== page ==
by Rabbi Sonya Starr

One of the advantages of the pandemic is that it has heightened my awareness of what I love about prayer and communal prayer. I love hearing people in the room! Before the pandemic I would have thought it enhanced the service to listen to a beautiful voice or a wise sage. But now I do not think it matters. Rather the spiritual magic comes in knowing that one is not alone. That there are a group of people on this journey of life together with you. On zoom we can at least see each other. But I for one have missed the back and forth, give and take of a service which is muted on zoom. So you can imagine how excited I was when I read about this campaign from another congregation. It is visual way of saying Amen!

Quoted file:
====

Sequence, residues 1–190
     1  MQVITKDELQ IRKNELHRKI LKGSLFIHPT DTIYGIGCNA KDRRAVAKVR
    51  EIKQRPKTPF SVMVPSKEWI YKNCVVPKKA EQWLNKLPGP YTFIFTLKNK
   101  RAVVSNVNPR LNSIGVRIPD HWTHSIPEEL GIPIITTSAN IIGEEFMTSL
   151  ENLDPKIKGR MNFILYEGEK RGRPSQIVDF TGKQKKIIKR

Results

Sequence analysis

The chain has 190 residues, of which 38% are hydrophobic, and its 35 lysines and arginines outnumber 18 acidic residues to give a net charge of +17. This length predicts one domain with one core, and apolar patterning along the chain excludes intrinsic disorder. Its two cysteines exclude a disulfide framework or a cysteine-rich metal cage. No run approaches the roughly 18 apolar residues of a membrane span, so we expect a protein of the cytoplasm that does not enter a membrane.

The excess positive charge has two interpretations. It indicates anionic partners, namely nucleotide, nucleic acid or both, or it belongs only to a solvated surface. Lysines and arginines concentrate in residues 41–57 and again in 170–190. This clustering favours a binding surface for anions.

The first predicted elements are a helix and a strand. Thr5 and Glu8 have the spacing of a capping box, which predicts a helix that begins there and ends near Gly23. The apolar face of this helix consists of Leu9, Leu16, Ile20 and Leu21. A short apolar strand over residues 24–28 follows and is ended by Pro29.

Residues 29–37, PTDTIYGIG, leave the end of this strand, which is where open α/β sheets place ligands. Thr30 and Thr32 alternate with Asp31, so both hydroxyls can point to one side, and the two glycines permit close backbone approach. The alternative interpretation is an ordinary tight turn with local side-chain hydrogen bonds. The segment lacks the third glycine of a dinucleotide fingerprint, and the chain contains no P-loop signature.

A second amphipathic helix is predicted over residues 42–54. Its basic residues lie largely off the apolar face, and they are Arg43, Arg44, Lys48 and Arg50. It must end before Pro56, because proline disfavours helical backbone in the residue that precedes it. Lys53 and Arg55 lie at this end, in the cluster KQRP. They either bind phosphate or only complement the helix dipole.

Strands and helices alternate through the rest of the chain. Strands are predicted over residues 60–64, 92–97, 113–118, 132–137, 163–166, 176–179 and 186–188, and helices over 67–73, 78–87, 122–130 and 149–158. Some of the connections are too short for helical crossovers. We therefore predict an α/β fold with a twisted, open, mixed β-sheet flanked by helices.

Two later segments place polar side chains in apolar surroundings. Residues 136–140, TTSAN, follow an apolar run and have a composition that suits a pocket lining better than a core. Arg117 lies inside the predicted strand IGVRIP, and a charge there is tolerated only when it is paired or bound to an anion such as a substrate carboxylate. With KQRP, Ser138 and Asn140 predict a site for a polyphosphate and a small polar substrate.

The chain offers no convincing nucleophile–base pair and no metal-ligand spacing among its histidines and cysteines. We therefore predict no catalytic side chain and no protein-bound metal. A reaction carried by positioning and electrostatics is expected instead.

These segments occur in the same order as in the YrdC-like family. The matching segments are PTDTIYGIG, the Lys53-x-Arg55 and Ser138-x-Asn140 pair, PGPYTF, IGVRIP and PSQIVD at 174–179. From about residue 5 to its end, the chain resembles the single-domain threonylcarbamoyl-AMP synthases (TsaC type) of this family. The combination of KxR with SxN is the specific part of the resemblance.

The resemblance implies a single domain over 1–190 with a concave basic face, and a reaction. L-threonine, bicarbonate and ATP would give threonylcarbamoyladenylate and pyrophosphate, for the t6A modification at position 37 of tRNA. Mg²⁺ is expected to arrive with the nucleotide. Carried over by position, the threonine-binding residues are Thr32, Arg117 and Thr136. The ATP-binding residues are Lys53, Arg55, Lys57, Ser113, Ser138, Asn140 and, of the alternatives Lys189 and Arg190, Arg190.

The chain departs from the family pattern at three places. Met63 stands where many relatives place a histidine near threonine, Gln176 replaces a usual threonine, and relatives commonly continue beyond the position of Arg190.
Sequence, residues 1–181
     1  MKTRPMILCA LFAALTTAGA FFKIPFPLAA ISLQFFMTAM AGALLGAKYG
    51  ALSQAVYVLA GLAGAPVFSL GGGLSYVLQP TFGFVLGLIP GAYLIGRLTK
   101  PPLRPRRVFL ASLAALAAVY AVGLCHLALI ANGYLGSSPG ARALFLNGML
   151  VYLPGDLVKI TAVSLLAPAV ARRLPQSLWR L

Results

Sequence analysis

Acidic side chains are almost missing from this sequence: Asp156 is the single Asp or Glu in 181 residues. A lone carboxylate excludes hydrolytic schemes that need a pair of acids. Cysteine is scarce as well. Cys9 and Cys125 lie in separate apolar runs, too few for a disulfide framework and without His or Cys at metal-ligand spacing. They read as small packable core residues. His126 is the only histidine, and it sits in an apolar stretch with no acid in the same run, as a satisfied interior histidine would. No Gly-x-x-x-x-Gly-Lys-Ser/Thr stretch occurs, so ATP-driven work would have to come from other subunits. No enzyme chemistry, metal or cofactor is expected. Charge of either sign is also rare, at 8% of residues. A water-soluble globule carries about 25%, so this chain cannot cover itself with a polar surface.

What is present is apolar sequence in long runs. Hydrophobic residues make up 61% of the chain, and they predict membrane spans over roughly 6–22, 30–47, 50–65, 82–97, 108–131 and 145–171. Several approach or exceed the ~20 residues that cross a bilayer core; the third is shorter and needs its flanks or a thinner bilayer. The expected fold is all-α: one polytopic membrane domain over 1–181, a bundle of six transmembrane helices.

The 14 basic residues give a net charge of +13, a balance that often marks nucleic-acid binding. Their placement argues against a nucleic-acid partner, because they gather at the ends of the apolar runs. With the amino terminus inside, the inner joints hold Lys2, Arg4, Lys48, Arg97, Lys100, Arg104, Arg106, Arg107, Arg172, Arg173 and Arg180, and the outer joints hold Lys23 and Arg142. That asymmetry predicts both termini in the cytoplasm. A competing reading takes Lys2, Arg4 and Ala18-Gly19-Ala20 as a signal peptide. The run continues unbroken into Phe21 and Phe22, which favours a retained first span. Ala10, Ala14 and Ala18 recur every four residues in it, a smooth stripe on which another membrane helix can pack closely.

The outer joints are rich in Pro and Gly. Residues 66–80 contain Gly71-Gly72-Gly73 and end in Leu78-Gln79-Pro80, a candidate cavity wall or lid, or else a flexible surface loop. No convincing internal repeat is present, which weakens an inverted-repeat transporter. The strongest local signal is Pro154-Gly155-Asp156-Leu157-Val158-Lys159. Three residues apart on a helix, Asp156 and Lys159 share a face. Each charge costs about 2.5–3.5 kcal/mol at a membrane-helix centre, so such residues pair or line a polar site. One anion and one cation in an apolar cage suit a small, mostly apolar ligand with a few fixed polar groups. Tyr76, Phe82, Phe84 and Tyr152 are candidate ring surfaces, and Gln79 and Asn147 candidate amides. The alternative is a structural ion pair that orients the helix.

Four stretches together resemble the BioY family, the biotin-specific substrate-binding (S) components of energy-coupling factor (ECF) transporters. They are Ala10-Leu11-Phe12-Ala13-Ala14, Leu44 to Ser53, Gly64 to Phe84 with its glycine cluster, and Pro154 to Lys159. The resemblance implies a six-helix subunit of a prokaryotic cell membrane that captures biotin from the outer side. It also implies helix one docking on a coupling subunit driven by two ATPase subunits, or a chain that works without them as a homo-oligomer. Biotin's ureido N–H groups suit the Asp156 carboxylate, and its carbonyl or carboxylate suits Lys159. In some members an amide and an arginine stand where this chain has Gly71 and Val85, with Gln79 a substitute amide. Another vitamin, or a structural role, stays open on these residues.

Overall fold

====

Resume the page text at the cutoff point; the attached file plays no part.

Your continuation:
Literally Amen means to believe. It is a congregation’s way of saying what s/he said applies to me too. I am in this with you. Mishkan Venice has developed this campaign of either using a paper to visually see the words Amen or to learn the sign for Amen. The religious practices committee thought this might be meaningful to try here. So if you are game, go this this website: and actively participate in our Shabbat services.